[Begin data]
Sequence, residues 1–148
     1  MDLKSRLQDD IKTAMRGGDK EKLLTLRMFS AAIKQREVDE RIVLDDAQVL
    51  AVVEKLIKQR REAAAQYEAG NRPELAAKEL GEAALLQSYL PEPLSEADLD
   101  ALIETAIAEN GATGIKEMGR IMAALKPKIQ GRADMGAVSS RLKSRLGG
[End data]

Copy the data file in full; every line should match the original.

Sequence, residues 1–148
     1  MDLKSRLQDD IKTAMRGGDK EKLLTLRMFS AAIKQREVDE RIVLDDAQVL
    51  AVVEKLIKQR REAAAQYEAG NRPELAAKEL GEAALLQSYL PEPLSEADLD
   101  ALIETAIAEN GATGIKEMGR IMAALKPKIQ GRADMGAVSS RLKSRLGG